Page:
The long awaited and eagerly anticipated showdown between the Penn and Princeton women to open the Ivy season was played at the Palestra Saturday. The two teams came into the contest with a combined record of 22-2, each with but one blemish. First-year Tiger coach Carla Berube stated that she was thrilled to make her Ivy debut in one of the most iconic venues in all of college basketball.
Turns out it takes more than potential to beat Princeton.
It’s Thanksgiving weekend, which means it’s time to take stock of what followers of each Ivy women’s team should be thankful for at this point of the season:
No Abby Meyers against Rider (#3 preseason MAAC) – no problem
No Meyers and Bella Alarie for the 4th quarter at GW – no problem
No Meyers and Alarie for the entire game at Seton Hall (#3 preseason Big East) – no problem
No Meyers and Alarie for three quarters and Carlie Littlefield for the second half against FGCU (#1 preseason ASUN) – no problem
Two days after surviving a furious Seton Hall comeback, the Princeton women welcomed Florida Gulf Coast to Jadwin Gym for a Sunday afternoon matchup between two top-10 mid-majors. The Tigers, ranked No. 9 by CollegeInsider.com (No. 6 by ESPNW), easily dispatched the No. 5 Eagles, 67-53 (No. 7 by ESPNW), despite losing both Bella Alarie and Carlie Littlefield to injuries.
With 2019 All-Ivy first-teamer Bryce Aiken and 2018 Ivy Player of the Year Seth Towns yet to see action for Harvard this season, will the Ivy League add another star to the conference’s injured list?
Completely in command against George Washington with just over seven minutes to go in the fourth quarter of Sunday’s contest in D.C., Princeton’s Carlie Littlefield drove the lane, dishing the ball at the last moment to Taylor Baur standing to the right of the basket. As Baur went up for the layup to extend the team’s lead to 20 points, she was met by GW’s Faith Blethen and Alexandra Maund, a Yale graduate transfer.
Blethen, who came from behind, fouled Baur and fell out of bounds. Maund, meanwhile, went straight up against the Tiger forward and was knocked backwards. As the former Yale forward came crashing down, she hit into Alarie’s lower right leg with both players hitting the ground and writhing in pain.
Shortly after Princeton’s season ended with an 82-77 defeat in the first round of the NCAA Tournament to Kentucky, Tigers head coach Courtney Banghart recounted how her newly elected captains, Bella Alarie and Taylor Baur, informed her that they desperately wanted to get their team to the Sweet 16. With the new season less than a week away, the Orange & Black still look to aim high.
“After that game, we talked a lot about what the future holds for our team. We want to make history,” Alarie said at the Tigers’ Media Day on Monday afternoon. “We have high expectations for ourselves, but we know we can reach them.”
Following the sudden departure of Liz Feeley to Smith College in the summer of 2000, then-athletic director Gary Walters hired Kevin Morris as the interim coach of the Princeton women’s basketball team. A 2-25 record ensured that Morris would not stick around Jadwin Gymnasium permanently. The job would eventually go to Richard Barron, who had just built a strong Division III program at Sewanee (The University of the South).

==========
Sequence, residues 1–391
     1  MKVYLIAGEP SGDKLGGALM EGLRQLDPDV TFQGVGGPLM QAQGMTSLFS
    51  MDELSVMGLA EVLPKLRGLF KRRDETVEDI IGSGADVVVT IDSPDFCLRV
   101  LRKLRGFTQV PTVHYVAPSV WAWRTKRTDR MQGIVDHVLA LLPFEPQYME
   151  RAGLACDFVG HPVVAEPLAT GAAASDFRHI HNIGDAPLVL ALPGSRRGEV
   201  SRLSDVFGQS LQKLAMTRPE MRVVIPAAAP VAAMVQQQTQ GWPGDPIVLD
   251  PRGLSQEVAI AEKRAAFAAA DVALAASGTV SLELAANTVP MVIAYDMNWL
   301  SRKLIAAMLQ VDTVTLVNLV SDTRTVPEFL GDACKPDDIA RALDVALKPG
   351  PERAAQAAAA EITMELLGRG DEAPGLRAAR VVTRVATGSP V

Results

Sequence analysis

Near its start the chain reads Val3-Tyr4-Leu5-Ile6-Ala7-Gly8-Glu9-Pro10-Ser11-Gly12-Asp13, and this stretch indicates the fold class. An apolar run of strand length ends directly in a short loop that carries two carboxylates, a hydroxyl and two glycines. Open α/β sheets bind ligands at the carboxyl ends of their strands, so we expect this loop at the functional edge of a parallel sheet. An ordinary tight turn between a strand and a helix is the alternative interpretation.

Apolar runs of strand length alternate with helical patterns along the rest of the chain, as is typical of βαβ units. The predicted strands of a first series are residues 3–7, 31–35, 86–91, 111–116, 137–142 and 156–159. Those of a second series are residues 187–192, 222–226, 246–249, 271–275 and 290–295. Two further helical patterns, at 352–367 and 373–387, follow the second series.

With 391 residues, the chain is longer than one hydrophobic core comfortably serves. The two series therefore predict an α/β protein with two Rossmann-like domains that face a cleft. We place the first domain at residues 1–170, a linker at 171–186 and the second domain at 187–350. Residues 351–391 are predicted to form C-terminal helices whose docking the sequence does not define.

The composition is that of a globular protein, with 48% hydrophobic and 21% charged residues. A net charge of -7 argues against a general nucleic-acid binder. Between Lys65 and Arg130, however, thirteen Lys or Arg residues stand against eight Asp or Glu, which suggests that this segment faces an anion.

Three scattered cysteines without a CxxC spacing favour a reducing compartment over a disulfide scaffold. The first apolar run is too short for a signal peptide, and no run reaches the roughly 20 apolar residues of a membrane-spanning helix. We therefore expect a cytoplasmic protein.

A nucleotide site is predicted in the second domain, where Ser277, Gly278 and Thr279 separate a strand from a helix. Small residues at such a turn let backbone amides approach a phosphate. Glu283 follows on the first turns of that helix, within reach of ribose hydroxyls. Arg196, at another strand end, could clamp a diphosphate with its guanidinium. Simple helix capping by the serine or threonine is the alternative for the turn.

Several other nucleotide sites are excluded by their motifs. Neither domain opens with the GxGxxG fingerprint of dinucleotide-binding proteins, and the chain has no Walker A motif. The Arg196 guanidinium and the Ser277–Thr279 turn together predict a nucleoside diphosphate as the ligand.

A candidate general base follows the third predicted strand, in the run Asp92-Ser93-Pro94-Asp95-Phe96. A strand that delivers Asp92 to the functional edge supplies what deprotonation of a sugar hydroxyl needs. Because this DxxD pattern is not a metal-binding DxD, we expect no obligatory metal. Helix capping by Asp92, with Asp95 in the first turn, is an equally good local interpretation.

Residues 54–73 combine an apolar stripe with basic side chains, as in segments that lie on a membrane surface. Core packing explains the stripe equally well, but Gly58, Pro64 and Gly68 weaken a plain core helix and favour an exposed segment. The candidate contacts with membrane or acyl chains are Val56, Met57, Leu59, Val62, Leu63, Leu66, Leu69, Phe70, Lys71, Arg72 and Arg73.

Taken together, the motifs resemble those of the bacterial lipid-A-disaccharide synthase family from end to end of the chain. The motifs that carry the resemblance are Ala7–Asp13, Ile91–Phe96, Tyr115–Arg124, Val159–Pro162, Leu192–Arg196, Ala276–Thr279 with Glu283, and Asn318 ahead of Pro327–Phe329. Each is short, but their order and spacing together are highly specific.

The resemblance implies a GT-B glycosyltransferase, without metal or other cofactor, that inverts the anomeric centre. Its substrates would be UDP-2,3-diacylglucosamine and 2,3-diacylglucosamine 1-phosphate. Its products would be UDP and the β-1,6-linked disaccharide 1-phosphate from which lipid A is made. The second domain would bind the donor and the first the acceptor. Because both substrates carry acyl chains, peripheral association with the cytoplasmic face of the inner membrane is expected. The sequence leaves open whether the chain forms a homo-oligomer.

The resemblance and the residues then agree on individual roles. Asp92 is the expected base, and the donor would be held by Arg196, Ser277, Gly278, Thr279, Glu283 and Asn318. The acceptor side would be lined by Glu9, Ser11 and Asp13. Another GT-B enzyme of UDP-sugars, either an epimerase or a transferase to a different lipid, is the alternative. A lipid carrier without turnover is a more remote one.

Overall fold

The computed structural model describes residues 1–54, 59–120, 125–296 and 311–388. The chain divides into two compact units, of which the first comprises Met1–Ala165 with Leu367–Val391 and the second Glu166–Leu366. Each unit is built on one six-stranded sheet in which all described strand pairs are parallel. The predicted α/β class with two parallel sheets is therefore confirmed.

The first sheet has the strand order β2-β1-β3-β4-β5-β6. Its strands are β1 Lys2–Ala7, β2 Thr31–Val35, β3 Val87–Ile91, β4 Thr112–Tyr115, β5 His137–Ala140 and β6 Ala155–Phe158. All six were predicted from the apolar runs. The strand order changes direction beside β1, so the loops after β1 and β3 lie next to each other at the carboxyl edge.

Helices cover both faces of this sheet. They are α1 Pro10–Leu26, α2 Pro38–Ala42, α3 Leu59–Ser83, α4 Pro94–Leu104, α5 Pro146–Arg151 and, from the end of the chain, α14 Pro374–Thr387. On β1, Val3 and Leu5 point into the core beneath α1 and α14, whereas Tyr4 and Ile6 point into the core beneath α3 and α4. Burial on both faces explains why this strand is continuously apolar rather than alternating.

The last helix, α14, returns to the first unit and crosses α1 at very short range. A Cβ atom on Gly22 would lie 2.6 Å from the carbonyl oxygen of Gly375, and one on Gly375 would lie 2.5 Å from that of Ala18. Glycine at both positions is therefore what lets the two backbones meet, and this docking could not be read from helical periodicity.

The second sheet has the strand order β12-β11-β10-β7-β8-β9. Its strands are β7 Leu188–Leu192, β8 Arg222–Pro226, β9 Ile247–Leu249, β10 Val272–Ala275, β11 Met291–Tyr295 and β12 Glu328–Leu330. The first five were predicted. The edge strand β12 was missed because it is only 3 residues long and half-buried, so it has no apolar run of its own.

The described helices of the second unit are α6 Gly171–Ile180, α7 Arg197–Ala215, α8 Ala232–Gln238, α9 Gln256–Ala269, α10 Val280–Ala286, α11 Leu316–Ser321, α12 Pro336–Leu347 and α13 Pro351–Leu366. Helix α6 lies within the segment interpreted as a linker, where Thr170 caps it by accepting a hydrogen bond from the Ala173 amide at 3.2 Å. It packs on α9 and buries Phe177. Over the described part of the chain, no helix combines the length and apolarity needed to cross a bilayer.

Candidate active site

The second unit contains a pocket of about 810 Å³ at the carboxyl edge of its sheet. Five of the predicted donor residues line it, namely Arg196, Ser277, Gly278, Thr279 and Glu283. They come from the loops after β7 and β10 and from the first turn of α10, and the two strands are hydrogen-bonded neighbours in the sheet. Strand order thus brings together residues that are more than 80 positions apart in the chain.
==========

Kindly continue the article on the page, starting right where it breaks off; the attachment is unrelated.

Barron would last six seasons at Princeton, before resigning on May 6, 2007 to become the associate head coach for Kim Mulkey at Baylor. While he only managed a 74-91 record (37-47 Ivy) in his tenure, the 2005-2006 team went 21-7 and tied for first in the Ivy League with a 12-2 record. After the 2006-07 team fell to 13-15 and 7-7 in conference play, Walters was tasked with finding a replacement that would get the program to consistently compete for a league title.
Harvard men’s basketball post-season banquet:
MVP – Bryce Aiken; Defensive Player of the Year – Justin Bassey
2019-2020 Captains – Seth Towns and Henry Welsh
Harvard women’s basketball post-season banquet:
Co-MVP – Katie Benzan and Madeline Raster; Defensive Player of the Year – Nani Redford; Most Improved Player – Rachel Levy
Brown women’s basketball post-season banquet:
MVP – Shayna Mehta; Most Improved Player – Haley Green
Princeton women’s basketball names Bella Alarie and Taylor Baur co-captains for the 2019-2020 season. Coach Courtney Banghart discussed the two athletes, as well as their goals of another Ivy title and a Sweet 16 run, in the season-ending episode of The Court Report.
Yale coach James Jones just missed out on the St. John’s coaching job, but he did win the 2019 Ben Jobe Award, given by CollegeInsider.com to the top minority coach in Division I basketball.
Penn senior Princess Aghayere was named one of six recipients of the President’s Engagement Prize by university President Amy Gutmann. Awarded annually, the Prizes empower Penn students to design and undertake post-graduation projects that make a positive, lasting difference in the world. Each Prize-winning project will receive $100,000, as well as a $50,000 living stipend per team member. Student recipients will spend the next year implementing their projects.
Aghayere was chosen for her work with Rebound Liberia, which uses basketball as a tool to bridge the literacy gap between men and women and as a mechanism for youth to cope with the trauma and stress of daily life in post-conflict Liberia.
The No. 11 seed Princeton women’s basketball team gave No. 6 seed (and national No. 17) Kentucky all it could handle but came up just short in its first-round game at the Reynolds Coliseum in Raleigh, N.C.
The Tigers were up by as many as nine points in the second quarter and up four at the half, but a 28-15 third quarter propelled the Wildcats into the lead and gave them enough of a cushion to withstand a late Tigers rally to claim the first-round victory.